Date of this Version
Published in Journal of Science Teacher Education 32:4 (2020), pp. 460–481.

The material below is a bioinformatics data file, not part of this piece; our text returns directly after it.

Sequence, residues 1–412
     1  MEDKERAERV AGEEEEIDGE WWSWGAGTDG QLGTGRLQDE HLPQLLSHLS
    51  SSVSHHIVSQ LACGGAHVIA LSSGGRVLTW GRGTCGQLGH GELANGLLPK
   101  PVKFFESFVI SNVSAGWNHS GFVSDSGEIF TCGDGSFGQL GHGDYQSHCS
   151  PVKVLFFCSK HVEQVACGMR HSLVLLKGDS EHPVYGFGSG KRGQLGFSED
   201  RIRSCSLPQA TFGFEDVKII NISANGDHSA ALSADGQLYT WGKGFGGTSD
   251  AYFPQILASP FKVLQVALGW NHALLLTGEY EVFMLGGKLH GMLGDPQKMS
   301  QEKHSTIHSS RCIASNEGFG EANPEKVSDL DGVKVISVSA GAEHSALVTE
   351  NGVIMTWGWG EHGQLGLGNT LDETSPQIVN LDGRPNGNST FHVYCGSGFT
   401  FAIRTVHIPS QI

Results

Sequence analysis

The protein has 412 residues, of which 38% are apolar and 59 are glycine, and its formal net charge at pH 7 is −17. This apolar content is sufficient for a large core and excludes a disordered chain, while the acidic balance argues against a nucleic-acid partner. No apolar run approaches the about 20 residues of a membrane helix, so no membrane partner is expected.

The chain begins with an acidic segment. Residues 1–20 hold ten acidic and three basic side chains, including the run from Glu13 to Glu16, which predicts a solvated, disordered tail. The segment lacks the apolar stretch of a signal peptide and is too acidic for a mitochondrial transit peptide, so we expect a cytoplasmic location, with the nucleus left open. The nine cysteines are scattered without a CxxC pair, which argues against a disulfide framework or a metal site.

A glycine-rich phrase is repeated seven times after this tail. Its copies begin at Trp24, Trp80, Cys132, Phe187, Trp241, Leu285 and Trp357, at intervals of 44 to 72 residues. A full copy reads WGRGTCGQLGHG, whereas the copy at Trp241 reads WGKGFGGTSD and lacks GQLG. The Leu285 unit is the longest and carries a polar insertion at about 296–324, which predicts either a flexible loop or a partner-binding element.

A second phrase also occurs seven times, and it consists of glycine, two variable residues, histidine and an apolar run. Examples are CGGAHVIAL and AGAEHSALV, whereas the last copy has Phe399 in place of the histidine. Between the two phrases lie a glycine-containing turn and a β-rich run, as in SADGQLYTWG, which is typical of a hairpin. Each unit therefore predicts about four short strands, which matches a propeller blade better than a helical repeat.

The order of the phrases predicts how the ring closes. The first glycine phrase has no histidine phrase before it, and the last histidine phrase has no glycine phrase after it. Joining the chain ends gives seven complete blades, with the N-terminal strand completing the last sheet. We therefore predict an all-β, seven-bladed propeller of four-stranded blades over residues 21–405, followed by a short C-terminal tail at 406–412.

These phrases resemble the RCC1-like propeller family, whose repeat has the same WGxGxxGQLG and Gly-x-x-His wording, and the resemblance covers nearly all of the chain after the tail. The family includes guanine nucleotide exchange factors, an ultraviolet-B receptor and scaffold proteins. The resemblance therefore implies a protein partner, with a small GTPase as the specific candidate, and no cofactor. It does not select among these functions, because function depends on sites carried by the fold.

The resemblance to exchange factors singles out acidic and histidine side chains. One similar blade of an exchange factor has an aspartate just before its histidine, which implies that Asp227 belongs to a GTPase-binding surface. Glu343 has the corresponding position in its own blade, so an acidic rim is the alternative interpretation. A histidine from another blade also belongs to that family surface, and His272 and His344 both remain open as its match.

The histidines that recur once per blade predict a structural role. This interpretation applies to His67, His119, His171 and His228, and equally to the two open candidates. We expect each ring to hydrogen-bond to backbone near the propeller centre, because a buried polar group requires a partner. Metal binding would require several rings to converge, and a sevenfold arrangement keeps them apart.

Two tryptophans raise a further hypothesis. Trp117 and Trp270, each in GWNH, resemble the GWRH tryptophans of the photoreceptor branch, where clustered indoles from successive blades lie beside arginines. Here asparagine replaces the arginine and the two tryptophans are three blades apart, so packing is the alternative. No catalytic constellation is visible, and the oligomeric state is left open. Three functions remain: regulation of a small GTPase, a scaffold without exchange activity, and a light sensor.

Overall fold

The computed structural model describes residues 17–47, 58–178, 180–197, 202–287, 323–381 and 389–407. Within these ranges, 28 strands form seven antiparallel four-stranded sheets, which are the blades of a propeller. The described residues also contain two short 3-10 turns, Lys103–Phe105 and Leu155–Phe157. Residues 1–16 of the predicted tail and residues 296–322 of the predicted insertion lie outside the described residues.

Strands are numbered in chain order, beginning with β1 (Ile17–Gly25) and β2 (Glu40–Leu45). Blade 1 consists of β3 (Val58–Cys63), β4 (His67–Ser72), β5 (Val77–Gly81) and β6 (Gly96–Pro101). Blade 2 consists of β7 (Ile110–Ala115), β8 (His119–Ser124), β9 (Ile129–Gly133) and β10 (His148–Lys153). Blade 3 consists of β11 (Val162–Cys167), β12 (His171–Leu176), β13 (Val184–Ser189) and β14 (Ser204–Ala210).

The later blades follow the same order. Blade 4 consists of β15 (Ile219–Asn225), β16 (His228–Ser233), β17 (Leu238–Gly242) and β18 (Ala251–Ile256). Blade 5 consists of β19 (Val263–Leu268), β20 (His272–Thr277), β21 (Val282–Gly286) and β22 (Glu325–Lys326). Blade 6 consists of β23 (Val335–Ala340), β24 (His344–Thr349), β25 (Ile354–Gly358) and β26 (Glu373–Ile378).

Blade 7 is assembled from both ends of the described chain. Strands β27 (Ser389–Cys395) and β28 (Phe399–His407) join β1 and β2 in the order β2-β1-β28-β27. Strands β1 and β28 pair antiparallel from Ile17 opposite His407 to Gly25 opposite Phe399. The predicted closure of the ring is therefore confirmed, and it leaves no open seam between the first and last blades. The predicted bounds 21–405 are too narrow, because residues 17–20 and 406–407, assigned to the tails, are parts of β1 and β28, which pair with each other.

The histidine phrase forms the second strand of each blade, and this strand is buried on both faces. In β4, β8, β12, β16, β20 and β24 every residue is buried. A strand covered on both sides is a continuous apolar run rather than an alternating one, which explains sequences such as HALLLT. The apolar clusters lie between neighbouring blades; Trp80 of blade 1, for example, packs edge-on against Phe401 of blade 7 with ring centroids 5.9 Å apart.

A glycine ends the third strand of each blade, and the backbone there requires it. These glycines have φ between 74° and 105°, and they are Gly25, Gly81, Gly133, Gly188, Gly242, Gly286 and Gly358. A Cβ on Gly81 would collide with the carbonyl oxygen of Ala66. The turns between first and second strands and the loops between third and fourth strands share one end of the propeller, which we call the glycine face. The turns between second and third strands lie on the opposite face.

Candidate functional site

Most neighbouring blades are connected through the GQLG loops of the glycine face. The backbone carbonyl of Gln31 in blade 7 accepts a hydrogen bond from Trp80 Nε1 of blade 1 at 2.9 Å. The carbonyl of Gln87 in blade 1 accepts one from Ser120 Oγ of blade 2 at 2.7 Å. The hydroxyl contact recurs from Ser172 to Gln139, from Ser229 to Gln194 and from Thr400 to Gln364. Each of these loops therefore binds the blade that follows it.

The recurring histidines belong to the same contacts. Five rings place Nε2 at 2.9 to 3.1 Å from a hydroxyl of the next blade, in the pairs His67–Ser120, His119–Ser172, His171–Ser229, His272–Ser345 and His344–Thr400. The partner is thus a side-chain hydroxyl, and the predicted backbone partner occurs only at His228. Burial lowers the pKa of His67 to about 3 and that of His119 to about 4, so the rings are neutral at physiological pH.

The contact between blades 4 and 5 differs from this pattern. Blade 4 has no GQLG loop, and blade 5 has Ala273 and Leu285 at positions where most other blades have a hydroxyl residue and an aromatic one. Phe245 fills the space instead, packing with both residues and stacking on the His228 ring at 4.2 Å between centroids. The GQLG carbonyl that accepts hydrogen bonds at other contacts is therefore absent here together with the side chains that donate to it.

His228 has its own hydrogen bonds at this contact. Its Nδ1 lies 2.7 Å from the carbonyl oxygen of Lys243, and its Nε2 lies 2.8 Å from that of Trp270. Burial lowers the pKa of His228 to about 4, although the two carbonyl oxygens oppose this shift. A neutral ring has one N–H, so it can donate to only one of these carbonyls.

The purpose of this mixed-methods research was to investigate changes in preservice elementary teachers’ science teacher identities and self-efficacy beliefs as they participate in a field-based science methods course. A total of 121 preservice teachers participated, four of which were purposefully selected who held varied initial levels of science content preparedness and confidence to teach. Data sources included pre- and post-course administrations of the Science Teaching Efficacy Belief Instrument-B, an open-ended questionnaire, two semi-structured interviews with selected participants, written teaching reflections, classroom observations, and artifacts. Data analyses included a pre-post repeated measures analysis of variance (ANOVA) design, and the case study approach. The themes generated by using open and axial coding belonged to Bandura’s sources of self-efficacy and Gee’s identity framework. Results indicated statistically significant gains in participants’ science self-efficacy beliefs. Qualitative analysis revealed that the nature of prior science experiences shaped participants’ self-efficacy and identity uniquely. Findings are summarized under four major themes suggesting ways in which Bandura’s sources of self-efficacy played role in shaping preservice teachers’ identity. Emerging from this study was the close connection between the two constructs- self-efficacy and science teacher identity. The study includes implications for preservice teacher education programs and research.